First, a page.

I’m warning you beforehand, what I’m about to say is going to seem utterly ridiculous. But my mother once told me that I could conquer the world if I ate a decent breakfast. The whole world. All because of breakfast.
See? I tried to warn you.
Anyway, to this very day I’m still not sure how this meal can make conquering the world possible, but my mother never lies.
I remember the day she told me this, I was having a devastating morning. I was about to take an entrance exam into the sixth grade. And this was a big deal because earlier that year, I’d failed fifth-grade—which drained my confidence.
But getting back to breakfast. Mama made the greasiest meal. Three eggs, cooked in fat from a Maxwell House can, bacon, potatoes, grits, and toast hearty enough to sand the hull of a battleship.
I passed my test. I made it to the next grade. And eventually, my confidence began to improve. Thusly—and I’ve always wanted to use that word—I can only assume that breakfast played an important role in life.
Since then, I’ve always believed in the first daily meal. I ate a good breakfast the day I got married. A big one. That day, the waitress kept bringing me plates of pancakes.
“You must be starving, honey,” she said.
I smiled. “Thusly,” said I.
But I was only nervous-eating. Truth be told, they weren’t even good pancakes—the blueberries tasted like freeze-dried goat pellets.
I also ate a big breakfast the day I got fired. My boss called me into his office and chewed me a new nose-hole. He said things so hateful I can still remember them. I quietly walked out of his office before he finished speaking.
I went to eat breakfast. I read the paper, I watched the sunrise. I had one of the best mornings I’ve had in years.
So I don’t know why I’m telling you this. I suppose it’s because I come from country people, and these people are full of ideas.
Our ancestors believed in smearing thick butter on toast, and in farm eggs. And they believed in the sacredness of early hours. To them, breakfast was the moment before the day had been written. And nobody ever knows what kind of day it will be.
Today could be boring. OR: it could be the sort that lives in your memory forever. It could be the day on which your whole life hinges. It could fall either way.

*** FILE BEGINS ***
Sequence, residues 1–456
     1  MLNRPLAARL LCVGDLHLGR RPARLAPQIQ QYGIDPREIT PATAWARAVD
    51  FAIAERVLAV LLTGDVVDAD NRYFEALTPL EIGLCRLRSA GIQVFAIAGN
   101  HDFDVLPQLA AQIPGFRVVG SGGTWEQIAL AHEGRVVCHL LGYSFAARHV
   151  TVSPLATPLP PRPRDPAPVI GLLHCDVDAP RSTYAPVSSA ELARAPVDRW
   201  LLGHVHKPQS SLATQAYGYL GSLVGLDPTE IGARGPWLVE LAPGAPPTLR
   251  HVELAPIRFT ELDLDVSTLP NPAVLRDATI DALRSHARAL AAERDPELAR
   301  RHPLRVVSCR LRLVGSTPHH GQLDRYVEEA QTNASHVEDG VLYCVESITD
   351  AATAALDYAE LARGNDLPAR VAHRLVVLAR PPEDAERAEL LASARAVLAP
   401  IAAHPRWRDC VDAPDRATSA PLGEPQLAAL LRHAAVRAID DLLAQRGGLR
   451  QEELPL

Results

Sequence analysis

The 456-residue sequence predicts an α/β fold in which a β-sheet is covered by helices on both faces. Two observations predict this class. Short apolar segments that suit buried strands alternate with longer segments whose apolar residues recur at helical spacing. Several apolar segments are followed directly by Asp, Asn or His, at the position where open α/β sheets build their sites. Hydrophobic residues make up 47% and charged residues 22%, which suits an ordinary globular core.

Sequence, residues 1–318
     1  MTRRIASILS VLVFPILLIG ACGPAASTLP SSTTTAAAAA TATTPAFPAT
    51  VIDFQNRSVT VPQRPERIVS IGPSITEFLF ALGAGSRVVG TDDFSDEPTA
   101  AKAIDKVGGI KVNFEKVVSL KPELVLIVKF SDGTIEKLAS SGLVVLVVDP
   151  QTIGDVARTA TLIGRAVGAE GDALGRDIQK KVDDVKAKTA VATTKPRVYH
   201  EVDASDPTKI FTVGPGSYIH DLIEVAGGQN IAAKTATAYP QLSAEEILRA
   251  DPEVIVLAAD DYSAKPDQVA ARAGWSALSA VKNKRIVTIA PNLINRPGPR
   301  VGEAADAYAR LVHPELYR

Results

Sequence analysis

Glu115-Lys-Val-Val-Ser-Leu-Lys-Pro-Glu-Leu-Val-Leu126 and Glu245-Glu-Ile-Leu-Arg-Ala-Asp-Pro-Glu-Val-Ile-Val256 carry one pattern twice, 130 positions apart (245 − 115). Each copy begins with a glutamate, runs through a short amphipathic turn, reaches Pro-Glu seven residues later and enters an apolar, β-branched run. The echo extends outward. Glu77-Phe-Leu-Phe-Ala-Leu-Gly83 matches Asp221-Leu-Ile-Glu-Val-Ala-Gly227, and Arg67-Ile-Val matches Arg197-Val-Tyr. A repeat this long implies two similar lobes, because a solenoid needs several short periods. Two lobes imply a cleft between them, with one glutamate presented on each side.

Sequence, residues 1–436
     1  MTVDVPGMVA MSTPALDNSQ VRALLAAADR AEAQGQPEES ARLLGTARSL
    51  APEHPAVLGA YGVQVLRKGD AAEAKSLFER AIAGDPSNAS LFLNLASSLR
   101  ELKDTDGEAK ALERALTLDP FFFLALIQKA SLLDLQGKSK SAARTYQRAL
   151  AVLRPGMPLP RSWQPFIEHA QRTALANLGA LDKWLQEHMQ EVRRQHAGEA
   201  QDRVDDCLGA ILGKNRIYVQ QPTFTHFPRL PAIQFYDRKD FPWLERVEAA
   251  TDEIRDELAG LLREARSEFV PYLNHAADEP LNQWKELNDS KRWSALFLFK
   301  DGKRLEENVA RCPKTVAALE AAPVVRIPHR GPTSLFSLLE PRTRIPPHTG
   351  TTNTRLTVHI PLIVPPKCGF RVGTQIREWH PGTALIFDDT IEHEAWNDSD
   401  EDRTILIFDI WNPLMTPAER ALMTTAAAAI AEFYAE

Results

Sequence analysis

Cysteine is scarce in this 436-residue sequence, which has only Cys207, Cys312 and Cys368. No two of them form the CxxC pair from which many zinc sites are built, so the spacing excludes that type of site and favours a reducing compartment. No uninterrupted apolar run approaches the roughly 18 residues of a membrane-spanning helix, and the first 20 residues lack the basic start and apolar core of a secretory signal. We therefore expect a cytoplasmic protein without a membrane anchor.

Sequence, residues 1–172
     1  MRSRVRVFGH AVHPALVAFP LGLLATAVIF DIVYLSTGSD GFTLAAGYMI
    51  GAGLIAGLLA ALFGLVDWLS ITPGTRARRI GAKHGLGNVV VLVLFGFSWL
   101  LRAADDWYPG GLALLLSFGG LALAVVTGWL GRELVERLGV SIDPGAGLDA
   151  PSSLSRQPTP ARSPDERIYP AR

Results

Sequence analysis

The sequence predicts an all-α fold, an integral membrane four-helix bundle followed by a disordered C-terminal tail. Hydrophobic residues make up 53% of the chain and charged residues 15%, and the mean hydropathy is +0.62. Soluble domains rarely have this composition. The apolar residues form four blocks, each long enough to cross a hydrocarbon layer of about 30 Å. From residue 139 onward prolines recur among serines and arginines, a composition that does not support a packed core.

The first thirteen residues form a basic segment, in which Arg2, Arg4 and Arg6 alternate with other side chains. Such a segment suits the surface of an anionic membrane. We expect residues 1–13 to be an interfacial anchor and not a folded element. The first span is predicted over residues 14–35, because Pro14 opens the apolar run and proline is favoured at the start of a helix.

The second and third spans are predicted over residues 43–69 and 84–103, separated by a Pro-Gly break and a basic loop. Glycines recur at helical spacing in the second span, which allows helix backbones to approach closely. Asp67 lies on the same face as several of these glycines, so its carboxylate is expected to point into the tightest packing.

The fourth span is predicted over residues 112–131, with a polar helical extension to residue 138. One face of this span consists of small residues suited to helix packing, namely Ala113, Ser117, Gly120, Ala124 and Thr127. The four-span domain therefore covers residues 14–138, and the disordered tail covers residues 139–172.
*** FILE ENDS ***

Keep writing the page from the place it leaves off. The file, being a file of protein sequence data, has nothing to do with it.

You might meet a new friend. A lover. A kid. A feral dog. An angel. See, while I write this, the sun is about to rise, and this seemingly normal morning might actually be a spectacular day in disguise. And if you ask me, you owe it to yourself to be ready for such things. Because once this best-day-ever happens to you, you’re going to look backward and realize that everything has meaning. Everything.
Your good moments were like swatches of fabric. Your painful moments were little pin pricks from a sewing needle, stitching you together like a quilt. And on your final day, you’ll see this quilt and think to yourself: “My God, wasn’t I beautiful?”
Thusly, you were. Very, very thusly.
Then, your whole life will all come back to you. You’ll remember that blind kid in the Piggly Wiggly you held the door open for. The college student you hugged—you had no idea he was suicidal.
The man at the stoplight, holding a cardboard sign. The little girl at church you gave your outdated cell phone to, who had never owned anything so nice in her life.
The red headed kid who failed fifth grade, but was fortunate enough to have a mother who said he could conquer the world if he wanted. All he had to do was eat his eggs and toast.
Anyway, I forgot what I was talking about.
Oh yeah. Don’t skip breakfast today.